KH: I’m so glad you asked that question. I love this story. I had seen her in Shuffle Along, and I knew that she had crazy talent. When we had our first-round table of the book, and we were just playing with music placement, we were like Adrienne should come in and do the reading. It was supposed to be just to see how the book read, but, I would say every time there’s a round table, it is an audition for not only the writer, but for people who are reading the part. So Miss Adrienne came in at 10 a.m., child, and I remember she sang “Private Dancer” like she had been singing it her whole life. It just burst out of her… She came with the 10 a.m. throat, that sounded like it was 8 p.m. and after an hour of warmup. She was so ready to step into that role. It was like, we don’t even really need to have auditions, there she is. There was no one else to see after she did that round table for us.
PL: Nick Skilbeck, our musical supervisor was there listening to the reading. Adrienne was reading Tina, and he said to her, “Is there one song that you know and like, that you just want to sing? Let’s just put it into the reading.” I mean, it was quite an eccentric suggestion, because I don’t even think Adrienne stood up. She was sitting next to me at the table, and we were just literally reading from the pages. And then we got to the scene in which she sings “Private Dancer,” and she started to sing, and there was just this shiver through the room. And when she made the key change in that song, I don’t know whether I gripped the chair or what, but I could feel this absolute wave of energy in the room, and you just felt like, “I am in the presence.”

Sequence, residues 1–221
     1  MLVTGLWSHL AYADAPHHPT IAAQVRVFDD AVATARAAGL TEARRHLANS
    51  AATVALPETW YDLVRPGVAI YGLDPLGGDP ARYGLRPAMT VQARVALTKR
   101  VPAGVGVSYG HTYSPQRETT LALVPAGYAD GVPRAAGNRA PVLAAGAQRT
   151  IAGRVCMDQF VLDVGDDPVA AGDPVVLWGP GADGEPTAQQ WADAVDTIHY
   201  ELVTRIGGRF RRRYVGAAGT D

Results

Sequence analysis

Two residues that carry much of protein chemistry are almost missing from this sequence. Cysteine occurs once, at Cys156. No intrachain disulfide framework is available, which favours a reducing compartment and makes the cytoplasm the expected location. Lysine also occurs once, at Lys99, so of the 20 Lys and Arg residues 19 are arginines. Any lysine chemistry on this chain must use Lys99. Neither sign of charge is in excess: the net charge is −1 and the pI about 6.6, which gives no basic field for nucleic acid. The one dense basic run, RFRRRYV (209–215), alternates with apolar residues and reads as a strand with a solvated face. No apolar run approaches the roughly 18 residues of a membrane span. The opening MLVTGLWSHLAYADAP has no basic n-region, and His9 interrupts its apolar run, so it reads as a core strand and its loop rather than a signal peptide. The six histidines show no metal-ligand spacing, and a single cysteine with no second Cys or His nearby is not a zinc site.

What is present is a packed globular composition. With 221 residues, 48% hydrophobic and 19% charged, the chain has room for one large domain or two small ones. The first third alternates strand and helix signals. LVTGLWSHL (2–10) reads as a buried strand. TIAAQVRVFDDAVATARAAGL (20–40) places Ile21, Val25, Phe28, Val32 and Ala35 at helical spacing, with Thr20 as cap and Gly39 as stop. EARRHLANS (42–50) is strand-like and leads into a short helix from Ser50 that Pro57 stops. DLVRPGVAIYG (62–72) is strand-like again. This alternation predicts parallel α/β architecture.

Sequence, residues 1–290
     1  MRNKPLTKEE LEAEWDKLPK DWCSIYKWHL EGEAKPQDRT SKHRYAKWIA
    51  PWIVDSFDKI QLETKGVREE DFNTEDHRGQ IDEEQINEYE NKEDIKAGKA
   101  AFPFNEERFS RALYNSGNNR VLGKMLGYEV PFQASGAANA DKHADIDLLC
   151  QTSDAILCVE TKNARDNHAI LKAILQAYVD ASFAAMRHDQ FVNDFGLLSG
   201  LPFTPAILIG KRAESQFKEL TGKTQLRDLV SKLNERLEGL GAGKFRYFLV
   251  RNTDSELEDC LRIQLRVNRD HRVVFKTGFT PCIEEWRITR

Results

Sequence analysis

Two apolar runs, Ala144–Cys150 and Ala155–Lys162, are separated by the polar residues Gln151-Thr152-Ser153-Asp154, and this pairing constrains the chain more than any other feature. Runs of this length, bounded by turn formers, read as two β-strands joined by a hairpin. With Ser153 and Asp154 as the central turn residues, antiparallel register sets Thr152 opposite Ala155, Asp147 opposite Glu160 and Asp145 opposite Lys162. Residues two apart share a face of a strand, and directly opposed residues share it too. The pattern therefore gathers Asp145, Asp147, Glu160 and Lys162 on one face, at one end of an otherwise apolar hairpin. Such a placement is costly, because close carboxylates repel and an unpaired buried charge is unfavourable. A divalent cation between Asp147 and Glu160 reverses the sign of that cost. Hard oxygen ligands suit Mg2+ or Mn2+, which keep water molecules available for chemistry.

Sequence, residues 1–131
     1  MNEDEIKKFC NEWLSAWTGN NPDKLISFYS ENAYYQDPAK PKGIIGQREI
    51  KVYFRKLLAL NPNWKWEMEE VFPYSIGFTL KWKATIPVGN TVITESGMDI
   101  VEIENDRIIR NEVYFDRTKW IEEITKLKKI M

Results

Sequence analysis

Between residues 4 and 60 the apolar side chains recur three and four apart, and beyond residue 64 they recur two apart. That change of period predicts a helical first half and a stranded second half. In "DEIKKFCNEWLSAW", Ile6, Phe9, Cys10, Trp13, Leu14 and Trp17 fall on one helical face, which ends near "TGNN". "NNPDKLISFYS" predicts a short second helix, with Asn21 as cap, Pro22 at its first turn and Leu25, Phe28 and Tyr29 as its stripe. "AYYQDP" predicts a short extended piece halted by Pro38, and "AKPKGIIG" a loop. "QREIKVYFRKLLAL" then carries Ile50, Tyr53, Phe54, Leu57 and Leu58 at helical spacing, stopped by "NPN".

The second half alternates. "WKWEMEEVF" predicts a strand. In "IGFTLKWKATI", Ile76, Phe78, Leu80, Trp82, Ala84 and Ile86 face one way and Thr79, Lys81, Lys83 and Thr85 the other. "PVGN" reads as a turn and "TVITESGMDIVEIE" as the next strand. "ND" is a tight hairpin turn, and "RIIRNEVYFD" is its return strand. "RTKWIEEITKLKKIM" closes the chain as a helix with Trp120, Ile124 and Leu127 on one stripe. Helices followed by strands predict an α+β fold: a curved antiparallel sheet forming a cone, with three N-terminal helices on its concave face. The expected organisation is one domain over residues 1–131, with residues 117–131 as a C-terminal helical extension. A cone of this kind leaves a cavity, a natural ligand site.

What’s the one moment that makes you proud to be the director every time?
PL: It used to be the moment when Tina finally explodes onto the stage at the end of the show, in her red leather dress. And when you finally see the musicians, who’ve been imprisoned upstage for the whole evening, and you see them tumbling down towards the audience. It’s just such a joyous, ecstatic moment. And I look around at the audience’s faces, and they’re all smiles. I also feel relief for Adrienne that she’s on the home stretch at that point. Even though I’ve got to remind myself she’s still got three more numbers to get through. But there is another moment, which we created for Broadway, when she leaves London, and she’s been rejected by the record company, and described as too old and unmarketable. And she says to her manager, “Let’s go back. Let’s go back to New York. Let’s go home and get back on the stage, do the thing that we do.” And she meditates, and she gets down on the ground, and she’s surrounded by her ancestors. It’s part of her Buddhist practice, her meditation, that draws her ancestors to her, and her grandmother, and her younger self come forward. It’s as if she’s kneeling in a circle of her ancestors, and you’re not quite sure what’s going on. And her younger self, the incredible Skye Dakota Turner, is assisting in this ritual, and it’s a mixture of a wonderful synthesis of songs that’s happening, and mystical sounds and voices. And suddenly Tina erupts, like a phoenix, from this kneeling position, and there’s a very old-fashioned, classic, theatre transformation. She’s gone from one costume, and she appears suddenly there as Tina Turner in her wig, her denim, her leather, singing “What’s Love Got to Do with It.” It’s just a very simple, tender, theatrical moment of transformation, music, and light, where all of the crafts and arts come together in one small, simple moment. And just a testimony to Adrienne’s astonishing technique.